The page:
Danny Glover has been a good friend to many of us in the blogosphere during his tenure at National Journal. I heard from him a while ago that he would soon move on from that position, and today will be the last day he updates what has been a vital Beltway blog. He posts his valediction at Beltway Blogroll this morning:

My tenure at National Journal ends tomorrow with the final issue of Technology Daily, where I served as the managing editor for six years before being promoted to the editorship in November 2006. Beltway Blogroll, a direct outgrowth of the interest I developed in politics and technology while at Tech Daily, will cease publication at the same time.
Its death is by no means sudden. I started Beltway Blogroll and a companion column for in June 2005 with the goal in mind of proving that blogs would quickly gain power in policy circles inside the Beltway, just like they did in the political realm in 2004. Mission accomplished.
If you doubt it, take a look at the blogroll to your left. It is at least twice as large as when I started Beltway Blogroll — and inside-the-Beltway blogs are started with such frequency now that I long ago stopped trying to find them all. That’s especially true of the “mainstream blogosphere” occupied by professional journalists. Why do so many of them blog now? Because that’s what more and more people in Washington read.
The proof of blog power abounds: regular blogger conference calls and briefings by politicians, think tanks and trade groups; bloggers who work for presidential campaigns and other candidates; bloggers who have infiltrated mainstream newsrooms or who write columns for major publications; and the achievements go on.

Be sure to read it all. Danny has chronicled a dizzying array of stories during his tenure at BB, and worked hard to fairly capture the essence of Beltway blogging about them. We will miss his tireless work and trenchant analysis, as well as his inherent fairness.
Fortunately, Danny will remain in the blogosphere at Air Congress. With any luck, he’ll pick up there right where he leaves off today. Join me in wishing my friend Danny “Not The Actor” Glover all the best.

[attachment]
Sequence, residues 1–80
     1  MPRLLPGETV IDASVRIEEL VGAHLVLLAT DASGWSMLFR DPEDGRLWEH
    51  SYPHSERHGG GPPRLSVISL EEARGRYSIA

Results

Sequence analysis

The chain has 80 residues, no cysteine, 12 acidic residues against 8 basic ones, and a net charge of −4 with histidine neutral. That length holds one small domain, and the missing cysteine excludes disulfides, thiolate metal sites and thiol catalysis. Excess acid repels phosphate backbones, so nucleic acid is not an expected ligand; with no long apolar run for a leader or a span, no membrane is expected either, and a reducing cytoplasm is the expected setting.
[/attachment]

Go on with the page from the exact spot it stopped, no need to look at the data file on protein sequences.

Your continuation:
Why Is Obama Popular With 527s?

He says he doesn’t like them, and he says he doesn’t need them. In fact, Barack Obama regularly criticizes the operations and the influence of 527s, scolding John Edwards and Hillary Clinton for their attraction to the outside political groups. But as the New York Times points out, Obama has become attractive to them as well, and benefits significantly from their assistance:

After months of denouncing the influence of special-interest money in politics, Senator Barack Obama is nonetheless entering a critical phase of the presidential campaign benefiting from millions of dollars being spent outside campaign finance rules.
Mr. Obama has repudiated a California group, Vote Hope, that is working on his behalf. But it has pressed on and, along with a sister organization called, is planning to spend up to $4 million promoting him in California and conducting voter registration drives aimed at blacks in 11 Southern states.
The group has already run radio advertisements with local ministers in South Carolina. New advertisements, some for television, have been prepared for California, one with the rap star Common and others focusing on black and Latino voters.
As the campaign treasuries of Mr. Obama and Senator Hillary Rodham Clinton are rapidly draining heading into the nominating contests in more than 20 states on Tuesday, independent political groups — whether so-called 527 groups, political action committees, nonprofit organizations or trade unions — are stepping in to help fill the void. The efforts of these groups, particularly 527s, which are named for a section of the tax code under which they fall, worry campaign finance watchdogs because many can take unlimited contributions from donors and have limited oversight.

Voters should ask why 527s exist in the first place. They grew in the dark, like fungus, from the peculiarities of campaign finance legislation — the kind espoused by the same watchdogs worried now about their influence. The crusaders tried to chase money out of the process by limiting donations and classifying cash as “hard” and “soft”, forcing people who wanted to contribute to the process to find other vehicles for their political activism.
Now that money gets raised and spent outside of the control of the campaigns and the political parties. That reduces the accountability for both functions, creating risks for candidates as well as some legal firewalls. If a 527 breaks the law, lies about an opponent, or acts unethically in some other manner, the candidate can claim some separation from its operations, but it still does plenty of political damage to the campaign. The entire process encourages dirty politics while limiting the ability of the principals to put a stop to it or for the voters to hold them accountable for their actions.
It also allows candidates like Obama to lament the existence of 527s while benefiting from their work. Obama, Edwards, and Clinton all served in the Senate, and Obama and Clinton still do. If they wanted to eliminate 527s, they could have proposed their elimination. Better yet, they could have demanded an end to three decades of futility on campaign-finance reform and instead focus on removing limits in favor of immediate and full disclosure of all donations and expenditures, allowing the voters to determine for themselves whether the funding sources represent their interests. All we have done in 34 years since Watergate is further obfuscate the money trails and the accountability.